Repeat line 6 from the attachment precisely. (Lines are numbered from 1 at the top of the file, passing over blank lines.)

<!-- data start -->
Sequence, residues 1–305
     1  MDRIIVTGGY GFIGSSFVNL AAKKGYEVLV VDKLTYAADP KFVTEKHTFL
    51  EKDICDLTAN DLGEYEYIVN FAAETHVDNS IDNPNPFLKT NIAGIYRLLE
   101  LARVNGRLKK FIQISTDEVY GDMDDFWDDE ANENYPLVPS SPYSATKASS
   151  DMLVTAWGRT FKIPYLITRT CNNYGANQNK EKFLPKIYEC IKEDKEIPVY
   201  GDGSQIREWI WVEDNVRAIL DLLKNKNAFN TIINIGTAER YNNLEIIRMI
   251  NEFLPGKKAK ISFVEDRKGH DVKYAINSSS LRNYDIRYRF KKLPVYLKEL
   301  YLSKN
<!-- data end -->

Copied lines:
   201  GDGSQIREWI WVEDNVRAIL DLLKNKNAFN TIINIGTAER YNNLEIIRMI